The continued travel has become a point of contention among union officials and CBP, which the officials said has provided little guidance on who is and isn't allowed to travel across the border. "It's a frustration of all angles. We don't know what essential or nonessential travel is. There's no clear clarification," said Ortiz, who is based in San Diego.

Miguel Flores, National Treasury Employees Union chapter president for Eagle Pass and Del Rio, Texas, said that the two types of travel blur together because of the way they're defined. He said that locally, the union and management have coordinated to clarify the definition to "make it work for our area."

CBP said in a statement to CNN that the agency "has issued clear and specific guidance to all of its field offices regarding activities that do and do not constitute essential travel across U.S. land borders."

Travel on the southern border had initially been reduced, but it started to increase locally within the last week, said Vincent Salgado, union local chapter president in Calexico, California. He added that "once our front lines start to get infected, that's just going to continue to spread. Once it hits the worksite, it's not going to stop with one or two bodies. We've got to try to reduce it wherever and in whichever way we can."

As of Wednesday, Mexico topped 10,000 cases of coronavirus, said Deputy Health Secretary Hugo López-Gatell. According to Johns Hopkins University's tally, there are more than a million cases of coronavirus in the US.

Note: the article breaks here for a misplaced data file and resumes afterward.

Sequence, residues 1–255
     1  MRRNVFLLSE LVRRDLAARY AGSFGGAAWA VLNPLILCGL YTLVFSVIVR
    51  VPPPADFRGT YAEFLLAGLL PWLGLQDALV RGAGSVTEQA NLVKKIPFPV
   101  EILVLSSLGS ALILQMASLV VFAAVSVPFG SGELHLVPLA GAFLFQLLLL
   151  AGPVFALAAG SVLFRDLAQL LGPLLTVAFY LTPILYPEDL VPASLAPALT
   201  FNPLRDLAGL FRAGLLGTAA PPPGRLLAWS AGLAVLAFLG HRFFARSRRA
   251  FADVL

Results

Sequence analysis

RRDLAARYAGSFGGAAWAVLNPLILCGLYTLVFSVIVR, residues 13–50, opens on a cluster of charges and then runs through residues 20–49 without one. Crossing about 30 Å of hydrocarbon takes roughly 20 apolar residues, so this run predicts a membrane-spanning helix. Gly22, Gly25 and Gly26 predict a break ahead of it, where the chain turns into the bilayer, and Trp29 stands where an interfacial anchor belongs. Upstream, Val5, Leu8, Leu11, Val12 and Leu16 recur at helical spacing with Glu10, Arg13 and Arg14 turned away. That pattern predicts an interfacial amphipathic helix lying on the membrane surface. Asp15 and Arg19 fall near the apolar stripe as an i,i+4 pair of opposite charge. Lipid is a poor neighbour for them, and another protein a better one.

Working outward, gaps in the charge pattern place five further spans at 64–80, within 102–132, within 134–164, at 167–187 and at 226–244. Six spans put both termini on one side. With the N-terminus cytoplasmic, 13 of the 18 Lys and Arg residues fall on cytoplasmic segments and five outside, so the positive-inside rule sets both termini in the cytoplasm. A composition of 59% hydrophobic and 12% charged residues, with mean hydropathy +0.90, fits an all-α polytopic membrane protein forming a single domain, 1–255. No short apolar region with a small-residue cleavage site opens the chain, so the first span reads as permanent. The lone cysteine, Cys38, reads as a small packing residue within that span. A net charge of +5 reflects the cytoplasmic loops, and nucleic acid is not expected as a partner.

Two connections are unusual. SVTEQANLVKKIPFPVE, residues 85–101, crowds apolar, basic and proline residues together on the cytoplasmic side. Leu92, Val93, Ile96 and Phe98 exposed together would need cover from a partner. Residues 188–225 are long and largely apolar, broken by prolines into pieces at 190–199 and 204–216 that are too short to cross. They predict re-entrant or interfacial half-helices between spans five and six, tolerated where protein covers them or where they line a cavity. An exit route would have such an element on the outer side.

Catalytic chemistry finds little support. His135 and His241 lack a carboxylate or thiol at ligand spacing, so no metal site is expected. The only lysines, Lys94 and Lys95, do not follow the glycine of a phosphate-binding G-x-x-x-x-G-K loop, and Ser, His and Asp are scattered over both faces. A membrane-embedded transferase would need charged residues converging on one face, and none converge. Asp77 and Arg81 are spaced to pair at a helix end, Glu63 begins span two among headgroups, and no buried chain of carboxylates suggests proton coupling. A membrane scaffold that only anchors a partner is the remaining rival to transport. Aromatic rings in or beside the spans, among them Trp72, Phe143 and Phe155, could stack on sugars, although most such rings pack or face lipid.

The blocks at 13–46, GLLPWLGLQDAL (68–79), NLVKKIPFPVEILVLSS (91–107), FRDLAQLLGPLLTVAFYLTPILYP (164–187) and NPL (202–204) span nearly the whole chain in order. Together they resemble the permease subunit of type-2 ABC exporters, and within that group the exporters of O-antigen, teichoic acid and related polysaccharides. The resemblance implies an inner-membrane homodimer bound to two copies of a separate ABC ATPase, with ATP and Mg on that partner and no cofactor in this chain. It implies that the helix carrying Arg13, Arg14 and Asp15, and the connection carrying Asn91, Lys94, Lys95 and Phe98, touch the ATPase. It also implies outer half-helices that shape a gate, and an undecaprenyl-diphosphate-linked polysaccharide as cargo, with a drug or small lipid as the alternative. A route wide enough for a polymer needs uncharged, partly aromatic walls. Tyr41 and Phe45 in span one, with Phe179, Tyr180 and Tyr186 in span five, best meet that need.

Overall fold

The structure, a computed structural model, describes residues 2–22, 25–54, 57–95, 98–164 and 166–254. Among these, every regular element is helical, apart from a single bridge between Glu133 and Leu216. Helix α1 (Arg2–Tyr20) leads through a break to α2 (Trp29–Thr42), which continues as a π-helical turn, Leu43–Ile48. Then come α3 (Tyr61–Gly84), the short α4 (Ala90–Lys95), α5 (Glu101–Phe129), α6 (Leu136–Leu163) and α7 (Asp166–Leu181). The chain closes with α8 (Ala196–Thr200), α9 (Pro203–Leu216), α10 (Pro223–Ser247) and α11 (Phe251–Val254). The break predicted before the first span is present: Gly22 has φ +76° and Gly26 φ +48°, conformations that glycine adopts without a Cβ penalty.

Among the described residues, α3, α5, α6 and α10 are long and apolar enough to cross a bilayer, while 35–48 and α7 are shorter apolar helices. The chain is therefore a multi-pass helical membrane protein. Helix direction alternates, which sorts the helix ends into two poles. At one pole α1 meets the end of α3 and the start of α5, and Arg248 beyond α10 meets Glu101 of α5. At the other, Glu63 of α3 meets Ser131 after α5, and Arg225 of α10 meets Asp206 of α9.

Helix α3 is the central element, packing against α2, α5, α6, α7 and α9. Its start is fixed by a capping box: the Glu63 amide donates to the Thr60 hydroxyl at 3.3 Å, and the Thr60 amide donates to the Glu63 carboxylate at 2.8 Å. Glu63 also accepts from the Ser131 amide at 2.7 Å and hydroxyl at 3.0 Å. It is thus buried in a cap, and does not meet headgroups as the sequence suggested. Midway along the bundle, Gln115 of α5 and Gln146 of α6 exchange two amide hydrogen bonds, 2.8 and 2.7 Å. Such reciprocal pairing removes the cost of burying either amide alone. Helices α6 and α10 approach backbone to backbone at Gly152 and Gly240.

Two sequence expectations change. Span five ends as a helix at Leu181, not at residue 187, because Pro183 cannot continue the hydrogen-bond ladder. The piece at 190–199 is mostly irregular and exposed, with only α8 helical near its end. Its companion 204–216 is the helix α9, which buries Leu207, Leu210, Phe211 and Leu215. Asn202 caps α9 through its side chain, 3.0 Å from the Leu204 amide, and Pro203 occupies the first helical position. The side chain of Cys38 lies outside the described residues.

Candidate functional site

Patricia Cramer, the union chapter president in Arizona, said they are worried that officers will get sick and won't be able to work.

"You can't just get Joe Schmo from the street to replace us," she said, pointing out that it takes years to train for some positions, like trade enforcement. "When we all fall ill to this, who is going to be at the ports of entry?"

The Trump administration has touted protections for front-line officers on the US northern and southern borders. Acting CBP Commissioner Mark Morgan said Friday that the agency ensured that field offices and sectors had personal protective equipment, like gloves and respirators, and guidance on their use.

Multiple union representatives told CNN that while they had sufficient PPE, the agency isn't doing enough for the health and safety of its workforce, putting officers -- and the people they vet -- at risk of contracting the highly contagious coronavirus. The issues raised by several members include a lack of Covid-19 testing for employees, insufficient contact tracing and a lack of medical screening of travelers.